Uses Of Cetirizine
Cetirizine is used to temporarily relieve the symptoms of hay fever (allergy to pollen, dust, or other substances in the air) and allergy to other substances (such as dust mites, animal dander, cockroaches, and molds). These symptoms include sneezing; runny nose; itchy, red, watery eyes; and itchy nose or throat. Cetirizine is also used to treat itching and redness caused by hives. However, cetirizine does not prevent hives or other allergic skin reactions. Cetirizine is in a class of medications called antihistamines. It works by blocking the action of histamine, a substance in the body that causes allergic symptoms.
Cetirizine is also available in combination with pseudoephedrine (Sudafed, others). This monograph only includes information about the use of cetirizine alone. If you are taking the cetirizine and pseudoephedrine combination product, read the information on the package label or ask your doctor or pharmacist for more information.
Side Effects Of Cetirizine
Cetirizine may cause side effects. Tell your doctor if any of these symptoms are severe or do not go away:
- excessive tiredness
- dry mouth
- stomach pain
Some side effects can be serious. The following symptom is uncommon, but if you experience it, call your doctor immediately:
- difficulty breathing or swallowing
- Cetirizine may cause other side effects. Call your doctor if you have any unusual problems while taking this medication.
Warnings & Precautions
Before taking cetirizine:
- tell your doctor and pharmacist if you are allergic to cetirizine, hydroxyzine (Vistaril), or any other medications.
- tell your doctor and pharmacist what prescription and nonprescription medications, vitamins, nutritional supplements, and herbal products you are taking or plan to take. Be sure to mention any of the following: antidepressants, medications for anxiety, medications for mental illness, medications for seizures, other medications for cold and allergy, sedatives, sleeping pills, tranquilizers, and theophylline (Theo-24, Theolair). Your doctor may need to change the doses of your medications or monitor you carefully for side effects.
- tell your doctor if you have or have ever had kidney or liver disease.
- tell your doctor if you are pregnant, plan to become pregnant, or are breast-feeding. If you become pregnant while taking cetirizine, call your doctor.
- you should know that cetirizine may make you drowsy. Do not drive a car or operate machinery until you know how this medication affects you.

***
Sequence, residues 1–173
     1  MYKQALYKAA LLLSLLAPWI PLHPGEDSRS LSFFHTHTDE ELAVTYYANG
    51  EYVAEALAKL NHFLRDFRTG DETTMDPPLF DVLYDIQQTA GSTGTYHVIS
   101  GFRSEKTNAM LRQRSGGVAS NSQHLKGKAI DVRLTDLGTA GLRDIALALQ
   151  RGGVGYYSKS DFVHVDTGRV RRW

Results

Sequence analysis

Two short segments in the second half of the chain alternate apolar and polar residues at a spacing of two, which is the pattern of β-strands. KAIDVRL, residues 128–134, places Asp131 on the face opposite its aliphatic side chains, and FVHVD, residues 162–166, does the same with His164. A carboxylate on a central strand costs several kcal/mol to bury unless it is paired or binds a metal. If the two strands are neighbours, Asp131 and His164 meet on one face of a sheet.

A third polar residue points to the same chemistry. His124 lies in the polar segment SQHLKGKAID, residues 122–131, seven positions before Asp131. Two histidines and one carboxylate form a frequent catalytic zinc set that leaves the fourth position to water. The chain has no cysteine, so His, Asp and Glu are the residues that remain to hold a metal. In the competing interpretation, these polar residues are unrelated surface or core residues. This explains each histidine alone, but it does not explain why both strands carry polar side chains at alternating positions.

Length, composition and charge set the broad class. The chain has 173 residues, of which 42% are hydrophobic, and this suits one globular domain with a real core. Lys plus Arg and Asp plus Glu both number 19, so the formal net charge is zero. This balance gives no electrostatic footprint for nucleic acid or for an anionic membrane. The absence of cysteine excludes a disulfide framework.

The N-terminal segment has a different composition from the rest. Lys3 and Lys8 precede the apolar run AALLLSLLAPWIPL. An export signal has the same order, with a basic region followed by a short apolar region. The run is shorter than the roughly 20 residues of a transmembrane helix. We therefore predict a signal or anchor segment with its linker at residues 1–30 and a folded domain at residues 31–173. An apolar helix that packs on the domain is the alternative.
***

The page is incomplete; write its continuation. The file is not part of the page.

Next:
- remember that alcohol can add to the drowsiness caused by this medication. Avoid drinking alcoholic beverages while taking this medication.
Cetirizine comes as a tablet, a chewable tablet, an extended release tablet, and a syrup (liquid) to take by mouth. It is usually taken once a day with or without food. Take cetirizine at around the same time every day. Follow the directions on your package label carefully, and ask your doctor or pharmacist to explain any part you do not understand. Take cetirizine exactly as directed. Do not take more or less of it or take it more often than directed on the package label or as recommended by your doctor.
Do not use cetirizine to treat hives that are bruised or blistered, that are an unusual color, or that do not itch. Call your doctor if you have these types of hives.
Stop taking cetirizine and call your doctor if your hives do not improve during the first 3 days of your treatment or if your hives last longer than 6 weeks. If you do not know the cause of your hives, call your doctor.
If you are taking cetirizine to treat hives, and you develop any of the following symptoms, get emergency medical help right away: difficulty swallowing, speaking, or breathing; swelling in and around the mouth or swelling of the tongue; wheezing; drooling; dizziness; or loss of consciousness. These may be symptoms of a life-threatening allergic reaction called anaphylaxis. If your doctor suspects that you may experience anaphylaxis with your hives, he may prescribe an epinephrine injector (EpiPen). Do not use cetirizine in place of the epinephrine injector.
Keep all appointments with your doctor.
Ask your pharmacist any questions you have about cetirizine.
It is important for you to keep a written list of all of the prescription and nonprescription (over-the-counter) medicines you are taking, as well as any products such as vitamins, minerals, or other dietary supplements. You should bring this list with you each time you visit a doctor or if you are admitted to a hospital. It is also important information to carry with you in case of emergencies.
All information has been provided courtesy of MedLinePlus from the National Library of Medicine and from the FDA.